A Microscope's Condenser Affects Image Resolution

A Microscope's Condenser Affects Image Resolution

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Does the condenser's NA affect the microscope's resolution?

The condenser's numerical aperture (NA) strongly impacts a microscope's resolution, since the angular range of the light incident on the sample affects the angular range of light transmitted or reflected by the sample. According to a general rule for optimizing resolution, the condenser NA should be as least as large as the objective NA. In other words, the cone of light provided by the condenser should have an angular range that matches or exceeds that accepted by the objective lens. 

Illustration of an objective lens showing its acceptance angle.
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Figure 2: In epi-illumination microscopes, the objective provides the light that illuminates the sample. It also collects the light reflected and scattered from the sample. Due to this, and in contrast to the case illustrated in Figure 1, both the illumination and imaging angles depend only on the objective. 

Illustration of light from a white light source incident on a sample over a range of illumination angles, and the light transmitted from the sample over the same range of angles.
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Figure 1: In transmitted light microscopes, light from the light source is directed to the sample by the condenser optical system. The objective lens is used to collect the transmitted light. This collected light is then routed to create an image at a camera or eyepiece.

Numerical aperture (NA) of light output by the condenser and accepted by the objective lens in a transmission light microscope.
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Figure 3: Cones describe the light incident on a sample point from the condenser (left, gold), the light transmitted through the sample (right, yellow), and the range of light the objective can collect (right, orange). The cones' angles are measured from the optical axis. The angular ranges of the light cones incident on and transmitted by the sample are approximately the same (θcd ), since light that is not absorbed or scattered by the sample travels in an approximately straight line. The angular range (θobj ) accepted by the objective lens is can be different. The numerical apertures of the condenser (NAcd ) and objective (NAobj ) are often used to compare the angular ranges of the transmitted light to the light the objective lens can gather.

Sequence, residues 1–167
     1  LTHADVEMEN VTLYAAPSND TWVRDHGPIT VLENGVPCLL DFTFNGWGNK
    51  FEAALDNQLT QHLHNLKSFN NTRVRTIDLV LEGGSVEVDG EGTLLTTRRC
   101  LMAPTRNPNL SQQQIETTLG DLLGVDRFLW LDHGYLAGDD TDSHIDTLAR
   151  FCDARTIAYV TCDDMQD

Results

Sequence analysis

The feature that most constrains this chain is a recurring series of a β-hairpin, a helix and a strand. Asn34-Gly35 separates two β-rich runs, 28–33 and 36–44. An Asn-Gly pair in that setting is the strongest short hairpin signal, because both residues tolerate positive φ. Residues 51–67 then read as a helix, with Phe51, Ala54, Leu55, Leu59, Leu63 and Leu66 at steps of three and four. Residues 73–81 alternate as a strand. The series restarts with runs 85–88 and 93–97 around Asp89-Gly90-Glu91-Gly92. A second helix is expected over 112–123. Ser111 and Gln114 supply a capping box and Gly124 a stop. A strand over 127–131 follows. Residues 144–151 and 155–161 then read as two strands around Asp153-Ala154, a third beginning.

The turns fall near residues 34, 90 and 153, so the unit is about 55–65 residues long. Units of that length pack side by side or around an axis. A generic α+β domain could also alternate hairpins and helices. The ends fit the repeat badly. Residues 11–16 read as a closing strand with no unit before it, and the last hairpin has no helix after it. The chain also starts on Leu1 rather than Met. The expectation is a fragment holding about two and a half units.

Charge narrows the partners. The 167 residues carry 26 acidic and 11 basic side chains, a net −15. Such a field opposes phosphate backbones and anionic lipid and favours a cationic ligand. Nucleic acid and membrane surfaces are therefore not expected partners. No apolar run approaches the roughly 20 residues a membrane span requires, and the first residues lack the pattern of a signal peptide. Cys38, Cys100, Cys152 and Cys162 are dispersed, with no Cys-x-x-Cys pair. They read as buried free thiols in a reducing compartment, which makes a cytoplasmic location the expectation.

Condenser and Objective
In transmitted light microscopy, the condenser collects light from the source and illuminates the sample (Figure 1). The condenser optical system typically includes several optical elements, which can be aligned to provide uniform illumination of the sample plane. The objective lens is located on the opposite side of the sample plane and collects the light that is transmitted through the sample. This light is then routed to create an image at an eyepiece or camera.

Alternately, the microscope can be configured so the objective both illuminates and collects light from the sample (Figure 2). In this case, there is no separate condenser lens system.  

Numerical Aperture
The condenser provides light to the sample plane over a range of different angles (Figure 3). A cone, drawn with its tip at a point on the sample and its base encircling the light from the condenser, can be used to quantify the range of incident angles (θcd ). The light transmitted by this point on the sample has approximately the same angular range. A different cone can be used to depict the angular range of light (θobj ) the objective lens is capable of gathering.

These angular ranges can be quantified by each lens' numerical aperture (NA),

NA = n sin(θ ),

which depends on the half-angle (θ ) of the cone, as well as the surrounding medium's refractive index (n ). The higher the NA, the wider the cone describing the angular range. This angle is measured from the optical axis.

As an example, when the objective lens has a 0.7 NA with air (n = 1) between the lens and sample, the lens' angle of acceptance is θ = θobj = 44.43°. For the system illustrated in Figure 2, the NA of the illumination and the NA of the collected light are the same, since both light paths pass through the objective lens.

The resolution (δ ) of the microscope describes its ability to image two closely spaced points as a separable pair, instead of as a single point. A common equation,

used to estimate this minimum separation includes only the wavelength () and the NA of the objective (NAobj ). While this equation seems to suggest the NA of the condenser (NAcd ) does not affect resolution, this is not the case. This equation actually assumes that NAcdNAobj .

When NAcdNAobj , a modified version of the equation,

provides a better estimate and illustrates the importance of the condenser's NA to the resolution.

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Date of Last Edit: June 9, 2021

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